Business achievers may not aspire to poetry, not in the course of their normal work,anyway. But if they have goals and ambitions, and care about what they do, they surely want to “build bridges across incomprehension and chaos”, as Stoppard puts it. And if they mean what they say, they must want to convey clear messages about their priorities, their strategy, their vision.

Or must they? There are plain speakers in the world of global business, but they are the exception.

Day after day we read about innovation, synergy, value, functionality, integration, performance, delivery etc. There is nothing intrinsically wrong with any of these abstract nouns, but when they proliferate, they produce sentences, paragraphs and often entire pages that mean next to nothing.

I shall always treasure this sentence written by one management consultant to another:

“In the last engagement our charter was to help the executive team evolve the strategy to fit into the new environment and simultaneously to evolve the new environment to fit into the strategy.”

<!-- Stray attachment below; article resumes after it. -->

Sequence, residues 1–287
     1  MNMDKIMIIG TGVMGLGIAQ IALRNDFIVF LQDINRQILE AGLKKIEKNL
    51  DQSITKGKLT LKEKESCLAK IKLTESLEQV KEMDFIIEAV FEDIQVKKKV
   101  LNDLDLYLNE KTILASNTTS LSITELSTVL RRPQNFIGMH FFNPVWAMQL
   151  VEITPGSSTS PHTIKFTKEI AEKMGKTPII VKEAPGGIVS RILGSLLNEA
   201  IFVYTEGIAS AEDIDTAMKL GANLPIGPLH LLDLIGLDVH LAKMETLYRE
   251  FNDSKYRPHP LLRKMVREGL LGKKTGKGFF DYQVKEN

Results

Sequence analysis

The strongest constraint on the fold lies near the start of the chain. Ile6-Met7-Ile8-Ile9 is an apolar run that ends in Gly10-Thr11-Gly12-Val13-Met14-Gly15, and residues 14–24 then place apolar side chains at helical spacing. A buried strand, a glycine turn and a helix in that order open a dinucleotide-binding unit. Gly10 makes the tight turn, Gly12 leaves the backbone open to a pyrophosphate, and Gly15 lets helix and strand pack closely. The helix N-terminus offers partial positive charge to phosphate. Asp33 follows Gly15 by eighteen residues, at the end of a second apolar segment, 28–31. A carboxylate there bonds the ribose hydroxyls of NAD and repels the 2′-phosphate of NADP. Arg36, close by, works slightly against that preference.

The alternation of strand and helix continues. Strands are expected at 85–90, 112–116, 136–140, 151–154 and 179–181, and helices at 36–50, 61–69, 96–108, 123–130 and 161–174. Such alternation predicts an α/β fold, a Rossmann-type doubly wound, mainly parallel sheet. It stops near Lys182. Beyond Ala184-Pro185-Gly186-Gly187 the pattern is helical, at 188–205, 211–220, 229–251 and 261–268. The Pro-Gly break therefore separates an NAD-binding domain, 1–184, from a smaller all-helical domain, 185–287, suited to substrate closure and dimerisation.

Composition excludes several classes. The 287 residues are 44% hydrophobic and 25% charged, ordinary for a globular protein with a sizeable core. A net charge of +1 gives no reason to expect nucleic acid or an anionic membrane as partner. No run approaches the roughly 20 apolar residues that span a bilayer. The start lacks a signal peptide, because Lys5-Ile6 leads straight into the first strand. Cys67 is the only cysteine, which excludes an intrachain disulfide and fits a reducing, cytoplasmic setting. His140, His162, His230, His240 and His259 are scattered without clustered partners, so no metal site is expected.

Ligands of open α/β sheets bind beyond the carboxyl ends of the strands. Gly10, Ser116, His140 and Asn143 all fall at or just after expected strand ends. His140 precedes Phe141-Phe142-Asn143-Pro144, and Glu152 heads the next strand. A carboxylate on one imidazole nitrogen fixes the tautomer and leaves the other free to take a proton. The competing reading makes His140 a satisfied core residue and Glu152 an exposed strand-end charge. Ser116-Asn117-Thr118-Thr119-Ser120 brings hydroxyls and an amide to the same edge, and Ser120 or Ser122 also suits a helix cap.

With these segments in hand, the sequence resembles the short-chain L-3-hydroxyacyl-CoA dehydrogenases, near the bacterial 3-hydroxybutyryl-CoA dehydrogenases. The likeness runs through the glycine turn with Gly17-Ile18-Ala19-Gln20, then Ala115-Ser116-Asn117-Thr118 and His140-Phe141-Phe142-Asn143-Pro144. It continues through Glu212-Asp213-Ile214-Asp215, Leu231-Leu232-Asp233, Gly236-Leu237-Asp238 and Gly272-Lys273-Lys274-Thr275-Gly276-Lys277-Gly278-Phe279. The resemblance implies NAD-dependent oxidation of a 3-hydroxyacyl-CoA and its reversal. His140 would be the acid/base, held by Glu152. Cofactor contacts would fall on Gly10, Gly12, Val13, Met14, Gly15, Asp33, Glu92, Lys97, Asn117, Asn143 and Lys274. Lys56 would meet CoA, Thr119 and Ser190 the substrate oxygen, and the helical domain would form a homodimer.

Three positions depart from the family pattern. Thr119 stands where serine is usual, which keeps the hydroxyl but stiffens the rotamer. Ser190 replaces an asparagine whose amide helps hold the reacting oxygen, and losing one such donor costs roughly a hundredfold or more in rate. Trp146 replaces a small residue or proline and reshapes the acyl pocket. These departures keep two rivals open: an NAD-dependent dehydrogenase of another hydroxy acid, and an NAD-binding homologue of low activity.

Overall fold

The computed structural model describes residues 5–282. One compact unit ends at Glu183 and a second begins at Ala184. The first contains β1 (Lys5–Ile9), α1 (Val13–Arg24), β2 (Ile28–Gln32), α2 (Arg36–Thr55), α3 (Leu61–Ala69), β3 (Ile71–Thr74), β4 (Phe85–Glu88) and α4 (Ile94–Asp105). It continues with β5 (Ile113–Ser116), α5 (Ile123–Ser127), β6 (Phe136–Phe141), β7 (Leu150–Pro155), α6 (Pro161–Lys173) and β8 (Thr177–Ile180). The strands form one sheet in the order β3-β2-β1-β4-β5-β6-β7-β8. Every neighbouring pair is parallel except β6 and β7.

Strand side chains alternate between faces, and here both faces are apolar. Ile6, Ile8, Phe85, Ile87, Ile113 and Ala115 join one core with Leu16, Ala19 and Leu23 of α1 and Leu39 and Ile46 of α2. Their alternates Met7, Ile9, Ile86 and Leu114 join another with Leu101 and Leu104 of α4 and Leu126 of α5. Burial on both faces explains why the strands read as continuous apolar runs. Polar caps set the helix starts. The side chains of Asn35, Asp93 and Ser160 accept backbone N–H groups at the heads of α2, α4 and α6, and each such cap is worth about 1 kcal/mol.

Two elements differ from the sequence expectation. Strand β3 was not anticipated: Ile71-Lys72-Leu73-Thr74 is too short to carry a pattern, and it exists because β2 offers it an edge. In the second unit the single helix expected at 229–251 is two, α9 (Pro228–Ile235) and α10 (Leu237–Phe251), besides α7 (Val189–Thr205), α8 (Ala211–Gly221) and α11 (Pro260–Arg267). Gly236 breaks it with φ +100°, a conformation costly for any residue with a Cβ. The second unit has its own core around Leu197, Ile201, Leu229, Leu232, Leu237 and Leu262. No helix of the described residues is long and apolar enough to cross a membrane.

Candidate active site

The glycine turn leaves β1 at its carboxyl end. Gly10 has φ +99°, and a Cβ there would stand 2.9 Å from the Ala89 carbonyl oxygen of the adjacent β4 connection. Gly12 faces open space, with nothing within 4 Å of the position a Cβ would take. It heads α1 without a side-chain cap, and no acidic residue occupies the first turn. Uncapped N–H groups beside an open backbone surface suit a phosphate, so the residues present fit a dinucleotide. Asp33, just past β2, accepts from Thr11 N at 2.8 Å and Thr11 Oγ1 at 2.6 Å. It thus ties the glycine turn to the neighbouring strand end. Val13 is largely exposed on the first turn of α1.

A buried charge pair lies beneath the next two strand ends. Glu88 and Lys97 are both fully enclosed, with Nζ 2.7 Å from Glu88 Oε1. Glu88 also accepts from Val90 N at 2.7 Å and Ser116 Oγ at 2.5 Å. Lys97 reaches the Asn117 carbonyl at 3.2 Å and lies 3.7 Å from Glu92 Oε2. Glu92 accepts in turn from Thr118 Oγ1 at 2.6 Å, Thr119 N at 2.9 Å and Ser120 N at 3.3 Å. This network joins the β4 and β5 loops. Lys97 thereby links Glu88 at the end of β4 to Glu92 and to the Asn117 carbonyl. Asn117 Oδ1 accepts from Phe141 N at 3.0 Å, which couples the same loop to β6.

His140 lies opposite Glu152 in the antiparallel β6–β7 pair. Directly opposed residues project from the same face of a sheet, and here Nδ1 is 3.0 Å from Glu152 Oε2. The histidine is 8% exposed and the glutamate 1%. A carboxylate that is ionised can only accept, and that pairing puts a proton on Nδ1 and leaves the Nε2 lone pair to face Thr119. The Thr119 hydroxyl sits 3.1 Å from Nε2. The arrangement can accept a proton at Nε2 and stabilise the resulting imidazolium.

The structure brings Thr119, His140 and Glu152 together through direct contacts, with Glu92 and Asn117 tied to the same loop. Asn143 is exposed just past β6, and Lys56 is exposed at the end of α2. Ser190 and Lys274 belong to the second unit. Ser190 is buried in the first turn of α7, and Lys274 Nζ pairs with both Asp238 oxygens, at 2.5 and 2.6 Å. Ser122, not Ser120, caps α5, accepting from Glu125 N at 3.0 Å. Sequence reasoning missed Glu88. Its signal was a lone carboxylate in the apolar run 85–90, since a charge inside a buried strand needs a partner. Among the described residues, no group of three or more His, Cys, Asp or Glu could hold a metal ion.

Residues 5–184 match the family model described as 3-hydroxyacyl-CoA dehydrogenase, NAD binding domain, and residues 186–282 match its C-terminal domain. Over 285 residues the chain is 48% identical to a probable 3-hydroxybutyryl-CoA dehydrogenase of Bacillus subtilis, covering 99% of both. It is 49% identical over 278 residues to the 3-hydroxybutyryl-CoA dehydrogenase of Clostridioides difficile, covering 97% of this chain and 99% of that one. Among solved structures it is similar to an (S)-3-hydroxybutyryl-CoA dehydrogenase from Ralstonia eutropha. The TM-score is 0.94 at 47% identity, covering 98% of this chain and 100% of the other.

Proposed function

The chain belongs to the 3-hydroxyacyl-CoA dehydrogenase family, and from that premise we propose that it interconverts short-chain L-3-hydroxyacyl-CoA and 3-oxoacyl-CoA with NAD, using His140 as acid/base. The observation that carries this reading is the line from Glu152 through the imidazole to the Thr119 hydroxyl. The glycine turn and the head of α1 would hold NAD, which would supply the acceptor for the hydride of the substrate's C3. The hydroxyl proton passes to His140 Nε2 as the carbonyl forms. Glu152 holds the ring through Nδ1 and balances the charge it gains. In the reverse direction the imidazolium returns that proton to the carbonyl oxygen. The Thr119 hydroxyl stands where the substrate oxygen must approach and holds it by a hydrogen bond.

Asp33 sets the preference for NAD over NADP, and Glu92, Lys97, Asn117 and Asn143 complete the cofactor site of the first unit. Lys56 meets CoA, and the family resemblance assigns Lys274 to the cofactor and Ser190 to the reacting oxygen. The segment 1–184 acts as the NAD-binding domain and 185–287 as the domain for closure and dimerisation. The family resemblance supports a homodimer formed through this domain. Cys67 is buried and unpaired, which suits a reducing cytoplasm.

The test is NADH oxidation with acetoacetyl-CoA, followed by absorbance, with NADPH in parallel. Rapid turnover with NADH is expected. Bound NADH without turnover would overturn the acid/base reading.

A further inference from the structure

What is it about abstractions that people in management find so compulsive? In the above example, no one can possibly be any the wiser since nothing intelligible has been said.

Yet this is how we use language in business. Instead of looking after words and using them carefully, like the precision tools they are, we reach unthinkingly for familiar phrases, words that seem vaguely appropriate to the business context. We do exactly what Stoppard warns against. We overuse certain words and allow them, as he puts it, to “get their corners knocked off”, until they are “no good any more”. And do we worry about this? Not at all.

On the contrary, the abuse gets worse. At the most mundane level, people become obsessed with synergy, going forward, benchmarking, new paradigms and other such nonsense. And at supposedly elevated levels, the conspiracy of obfuscation becomes more intense.